Nuclear Medicine Technologist Salaries

Nuclear Medicine Salary

Nuclear medicine technologist salaries can vary greatly depending upon factors such as level of education, experience, and the relative size of the employer as it relates to the industry in general. According to May 2014 data from the Bureau of Labor Statistics (BLS), the mean annual wages for nuclear medicine technologists were $73,230. This was much higher than the mean annual wage of $47,230 for all occupations combined across the U.S.

Outlook of Employment

Before you even consider a nuclear medicine career, you will probably want to know what the future holds for this profession. The field of nuclear medicine is expected to play an increasingly stronger role in health solutions for the future due to an aging population and rapid technological growth. In fact, the BLS estimates there should be a 20 percent increase in employment opportunities for nuclear medicine technologists from 2012-2022, resulting in the opening of 4,200 new positions.

Steps to Becoming a Nuclear Medicine Technologist

  1. An associate degree in nuclear medicine technology is typically necessary to enter the field, according to the BLS, although some students complete a bachelor's degree. Research nuclear medicine schools so that you chose the program that best suits your individual career goals.
  2. If you can't find a nuclear medicine technology degree in your area, you may be able to complete a degree in a related field, such as nursing or radiologic technology. Adding on a 12-month certificate in nuclear medicine technology can be another path to completing your training, reports the BLS.
  3. Finish all of the clinical hours needed as part of your program. These may help you to gain experience under the supervision of a certified nuclear medicine technologist and a surgeon or physician who practices in the nuclear technology field.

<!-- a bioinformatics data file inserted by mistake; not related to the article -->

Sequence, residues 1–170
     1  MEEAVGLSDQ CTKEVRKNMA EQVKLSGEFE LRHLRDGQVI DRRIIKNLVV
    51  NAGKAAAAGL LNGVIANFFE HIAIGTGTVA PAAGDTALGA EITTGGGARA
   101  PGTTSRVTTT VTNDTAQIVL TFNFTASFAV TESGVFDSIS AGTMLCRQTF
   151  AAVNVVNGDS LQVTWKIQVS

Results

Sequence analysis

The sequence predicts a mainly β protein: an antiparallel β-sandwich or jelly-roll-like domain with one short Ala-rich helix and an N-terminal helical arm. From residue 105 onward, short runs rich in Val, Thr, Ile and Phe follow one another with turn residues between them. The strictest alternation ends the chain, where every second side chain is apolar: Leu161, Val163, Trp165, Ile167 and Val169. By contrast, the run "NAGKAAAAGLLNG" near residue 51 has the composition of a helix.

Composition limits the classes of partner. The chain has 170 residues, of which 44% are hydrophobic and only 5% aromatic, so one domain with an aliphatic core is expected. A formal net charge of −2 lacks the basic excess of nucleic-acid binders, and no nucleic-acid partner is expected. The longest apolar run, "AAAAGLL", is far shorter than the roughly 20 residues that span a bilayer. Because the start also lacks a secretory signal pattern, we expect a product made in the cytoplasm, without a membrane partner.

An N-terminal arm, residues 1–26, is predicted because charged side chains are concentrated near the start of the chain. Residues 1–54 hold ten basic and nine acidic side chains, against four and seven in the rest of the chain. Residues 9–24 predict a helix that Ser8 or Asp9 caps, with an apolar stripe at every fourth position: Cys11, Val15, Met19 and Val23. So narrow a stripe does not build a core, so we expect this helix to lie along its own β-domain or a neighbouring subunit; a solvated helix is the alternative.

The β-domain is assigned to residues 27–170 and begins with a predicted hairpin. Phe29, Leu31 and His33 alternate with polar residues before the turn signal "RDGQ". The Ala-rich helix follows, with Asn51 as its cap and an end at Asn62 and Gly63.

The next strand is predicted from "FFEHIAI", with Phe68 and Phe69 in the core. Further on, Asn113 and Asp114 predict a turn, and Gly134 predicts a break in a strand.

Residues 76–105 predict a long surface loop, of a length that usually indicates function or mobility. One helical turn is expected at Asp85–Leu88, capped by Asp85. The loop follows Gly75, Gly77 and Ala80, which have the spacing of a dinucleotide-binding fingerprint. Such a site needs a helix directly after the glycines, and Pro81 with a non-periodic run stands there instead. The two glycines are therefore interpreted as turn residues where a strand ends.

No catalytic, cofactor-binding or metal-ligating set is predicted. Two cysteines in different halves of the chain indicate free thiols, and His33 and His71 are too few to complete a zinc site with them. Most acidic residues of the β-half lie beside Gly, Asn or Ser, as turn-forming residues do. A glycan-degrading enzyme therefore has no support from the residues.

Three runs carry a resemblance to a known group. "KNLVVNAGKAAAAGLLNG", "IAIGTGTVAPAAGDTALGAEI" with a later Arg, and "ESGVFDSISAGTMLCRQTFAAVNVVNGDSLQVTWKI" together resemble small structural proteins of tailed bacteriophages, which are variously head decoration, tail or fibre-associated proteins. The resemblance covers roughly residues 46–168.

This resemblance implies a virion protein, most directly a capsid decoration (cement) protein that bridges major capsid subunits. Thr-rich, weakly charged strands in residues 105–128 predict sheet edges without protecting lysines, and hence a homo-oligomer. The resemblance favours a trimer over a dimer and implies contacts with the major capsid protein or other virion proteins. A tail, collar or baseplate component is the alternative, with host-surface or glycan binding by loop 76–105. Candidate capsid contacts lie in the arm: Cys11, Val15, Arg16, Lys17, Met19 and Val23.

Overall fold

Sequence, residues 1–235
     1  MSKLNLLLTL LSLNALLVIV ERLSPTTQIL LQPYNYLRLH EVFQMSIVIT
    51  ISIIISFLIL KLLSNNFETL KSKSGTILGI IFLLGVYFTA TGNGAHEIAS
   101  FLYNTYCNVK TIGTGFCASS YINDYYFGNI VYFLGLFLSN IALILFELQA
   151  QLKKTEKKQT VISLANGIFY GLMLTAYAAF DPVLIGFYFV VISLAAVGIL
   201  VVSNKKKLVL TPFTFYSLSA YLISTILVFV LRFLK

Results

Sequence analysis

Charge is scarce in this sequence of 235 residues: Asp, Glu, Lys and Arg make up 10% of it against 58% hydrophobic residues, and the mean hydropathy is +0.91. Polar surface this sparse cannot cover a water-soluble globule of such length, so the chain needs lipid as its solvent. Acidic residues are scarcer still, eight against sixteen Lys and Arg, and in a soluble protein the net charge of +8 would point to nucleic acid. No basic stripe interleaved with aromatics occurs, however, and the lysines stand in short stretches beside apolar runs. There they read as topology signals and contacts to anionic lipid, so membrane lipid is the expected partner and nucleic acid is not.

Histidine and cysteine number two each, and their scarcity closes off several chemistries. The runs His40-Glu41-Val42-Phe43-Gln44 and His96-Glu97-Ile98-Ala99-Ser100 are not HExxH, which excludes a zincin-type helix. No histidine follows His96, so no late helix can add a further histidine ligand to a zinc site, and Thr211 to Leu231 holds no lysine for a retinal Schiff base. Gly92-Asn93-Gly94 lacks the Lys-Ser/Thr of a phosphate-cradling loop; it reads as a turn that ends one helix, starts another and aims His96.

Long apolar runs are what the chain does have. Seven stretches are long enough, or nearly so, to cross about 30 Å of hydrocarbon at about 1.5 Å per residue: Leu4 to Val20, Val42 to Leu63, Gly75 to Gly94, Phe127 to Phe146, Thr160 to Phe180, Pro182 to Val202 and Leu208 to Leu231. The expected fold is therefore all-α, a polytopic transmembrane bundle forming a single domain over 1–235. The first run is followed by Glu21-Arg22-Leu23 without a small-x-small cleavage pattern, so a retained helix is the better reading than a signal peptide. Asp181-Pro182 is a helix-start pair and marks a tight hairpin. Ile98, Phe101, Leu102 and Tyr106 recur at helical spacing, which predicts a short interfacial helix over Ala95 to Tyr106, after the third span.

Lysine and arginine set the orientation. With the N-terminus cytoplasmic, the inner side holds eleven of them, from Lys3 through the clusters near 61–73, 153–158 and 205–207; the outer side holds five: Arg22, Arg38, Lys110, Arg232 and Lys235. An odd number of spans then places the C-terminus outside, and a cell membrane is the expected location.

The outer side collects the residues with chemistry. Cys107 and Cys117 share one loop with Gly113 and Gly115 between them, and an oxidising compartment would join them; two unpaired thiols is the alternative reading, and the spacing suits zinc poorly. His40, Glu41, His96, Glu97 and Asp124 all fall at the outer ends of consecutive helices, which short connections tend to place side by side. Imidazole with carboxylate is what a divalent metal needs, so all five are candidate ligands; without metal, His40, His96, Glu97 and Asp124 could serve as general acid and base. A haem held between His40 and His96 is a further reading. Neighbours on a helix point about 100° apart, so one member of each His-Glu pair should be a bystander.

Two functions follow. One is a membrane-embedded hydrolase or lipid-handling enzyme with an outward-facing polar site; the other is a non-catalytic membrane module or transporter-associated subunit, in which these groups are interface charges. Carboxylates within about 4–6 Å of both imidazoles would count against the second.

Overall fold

4. After you have completed your nuclear medicine program, you may be prepared to seek national certification. This may not be a requirement for state licensing, but often will fulfill many of the licensing requirements if licensure is required, according to the BLS. Certification can be found either through the American Registry of Radiologic Technologists (ARRT) or the Nuclear Medicine Technology Certification Board (NMTCB), according to the BLS. As well, the NMTCB offers both nuclear cardiology (NCT) and positron emission tomography (PET) certification.
  5. Apply for a state license if it is required in your state. The NMTCB reports that licensing is required in 26 states in all and that many accept NMTCB certification in place of the state exam. More details about the licensing steps can be found on the NMTCB website.


  1. May 2014 National Occupational Employment and Wage Estimates United States, Bureau of Labor Statistics, Occupational Employment Statistics, http://www.bls.gov/oes/current/oes_nat.htm#00-0000
  2. Nuclear Medicine Technologist, Bureau of Labor Statistics, Occupational Outlook Handbook, January 2014, http://www.bls.gov/ooh/healthcare/nuclear-medicine-technologists.htm#tab-6
  3. Nuclear Medicine Technologist, Bureau of Labor Statistics, Occupational Employment Statistics, May 2014, http://www.bls.gov/oes/current/oes292033.htm
  4. State Licensure, Nuclear Medicine Technology Certification Board, no date, https://www.nmtcb.org/faq/index.php?cat=9#a44

Nuclear Medicine Schools